Meetings were held in the College which were intensely interesting. The Spirit of the Lord wrought upon hearts, and there was a precious work done in the conversion of souls. There has been no excitement felt or manifested. The work has been accomplished by the deep movings of the Spirit of God, and men have moved intelligently and in faith. The manner in which God works is always determined by the necessities of the case. The Spirit of the Lord, with its still, small voice, invites sinners to come to Christ, saying, “Turn ye, turn ye, for why will ye die?” “Come unto me all ye that labor and are heavy-laden, and I will give you rest.” Divine wisdom suggests ways and means of reaching the conscience and the understanding. Precious facts in the history of revealed truth and in Christian experience were presented, and decisions were fully made on the Lord's side. Sinners were led to behold the Lamb of God who taketh away the sins of the world. The Christian life, which had before seemed to them undesirable and full of inconsistencies, now appeared in its true light, in remarkable symmetry and beauty. He who had been to them as a root out of dry ground, without form or comeliness, became “the chiefest among ten thousand,” and the one altogether lovely. RH February 12, 1889, par. 3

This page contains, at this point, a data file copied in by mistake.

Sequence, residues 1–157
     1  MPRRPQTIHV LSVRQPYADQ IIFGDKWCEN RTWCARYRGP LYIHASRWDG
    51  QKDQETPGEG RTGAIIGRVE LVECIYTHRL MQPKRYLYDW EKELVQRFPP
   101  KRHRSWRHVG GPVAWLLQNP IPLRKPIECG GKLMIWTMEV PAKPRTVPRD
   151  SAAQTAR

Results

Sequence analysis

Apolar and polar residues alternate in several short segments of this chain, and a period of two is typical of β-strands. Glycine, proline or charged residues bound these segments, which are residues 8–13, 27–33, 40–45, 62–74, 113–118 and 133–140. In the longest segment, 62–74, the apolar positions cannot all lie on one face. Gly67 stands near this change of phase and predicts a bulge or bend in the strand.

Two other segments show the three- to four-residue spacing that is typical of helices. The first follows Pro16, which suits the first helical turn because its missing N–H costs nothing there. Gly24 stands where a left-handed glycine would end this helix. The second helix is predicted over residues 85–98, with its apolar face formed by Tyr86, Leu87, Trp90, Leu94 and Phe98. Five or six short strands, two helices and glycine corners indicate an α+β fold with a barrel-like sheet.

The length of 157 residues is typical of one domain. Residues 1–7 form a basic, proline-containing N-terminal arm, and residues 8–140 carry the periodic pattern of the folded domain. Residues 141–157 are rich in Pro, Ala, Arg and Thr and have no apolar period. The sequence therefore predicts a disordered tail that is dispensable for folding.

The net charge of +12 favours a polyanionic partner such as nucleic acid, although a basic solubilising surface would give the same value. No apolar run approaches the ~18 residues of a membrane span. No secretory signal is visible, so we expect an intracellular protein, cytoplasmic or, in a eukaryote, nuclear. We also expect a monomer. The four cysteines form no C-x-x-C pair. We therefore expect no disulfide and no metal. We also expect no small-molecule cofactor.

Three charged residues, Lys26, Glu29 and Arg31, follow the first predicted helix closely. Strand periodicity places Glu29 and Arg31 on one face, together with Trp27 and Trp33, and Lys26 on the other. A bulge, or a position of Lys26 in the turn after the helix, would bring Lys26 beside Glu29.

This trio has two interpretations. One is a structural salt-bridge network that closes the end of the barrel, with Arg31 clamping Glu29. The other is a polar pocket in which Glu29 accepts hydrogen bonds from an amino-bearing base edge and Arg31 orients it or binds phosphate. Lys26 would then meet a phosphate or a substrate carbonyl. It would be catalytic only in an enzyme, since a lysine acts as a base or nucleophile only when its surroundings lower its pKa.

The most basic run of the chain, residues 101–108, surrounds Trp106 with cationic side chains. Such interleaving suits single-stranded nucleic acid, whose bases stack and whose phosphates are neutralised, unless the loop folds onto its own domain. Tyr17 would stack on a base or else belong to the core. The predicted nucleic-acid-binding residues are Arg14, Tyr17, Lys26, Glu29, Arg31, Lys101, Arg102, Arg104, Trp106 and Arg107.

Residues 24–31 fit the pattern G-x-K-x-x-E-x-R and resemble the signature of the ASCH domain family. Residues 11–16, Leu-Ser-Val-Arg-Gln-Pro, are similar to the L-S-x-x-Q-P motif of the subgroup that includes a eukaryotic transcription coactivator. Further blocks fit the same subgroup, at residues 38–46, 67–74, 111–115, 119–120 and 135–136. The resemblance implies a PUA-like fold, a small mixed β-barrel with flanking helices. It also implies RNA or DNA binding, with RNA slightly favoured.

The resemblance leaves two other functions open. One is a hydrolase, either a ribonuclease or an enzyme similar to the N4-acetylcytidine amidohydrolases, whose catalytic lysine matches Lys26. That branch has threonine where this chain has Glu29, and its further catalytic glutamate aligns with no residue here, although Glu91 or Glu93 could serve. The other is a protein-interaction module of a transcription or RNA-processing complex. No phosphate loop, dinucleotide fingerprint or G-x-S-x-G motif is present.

All heaven is interested in the salvation of souls. As one after another of these students of Battle Creek College, hitherto ignorant of the truth and of the saving grace of God, espoused the cause of Christ, what joy was there in the heavenly courts! As they gave expression to their hope in Christ, it was not surprising that joy and gratitude to God were expressed by the workers. RH February 12, 1889, par. 4

Meetings were held in the morning at half-past five in the Sanitarium Hospital. I had much freedom in speaking to the workers from the various departments of the Sanitarium. From morning to morning, the social meetings increased in interest, and many precious testimonies were borne, expressing the joy that souls had found in believing in Jesus. There were many whose in minds had been clouded with doubt, but the light received from the explanation of Scripture encouraged their faith, while the truth was revealed to their minds and hearts in a light in which they had never before seen it. They also had clearer views of the mercy, goodness, and love of God, and realized something of how dishonoring to their Maker was their unbelief. These meetings were protracted for the period of three weeks, and we deeply regretted that they could not have been longer continued. RH February 12, 1889, par. 5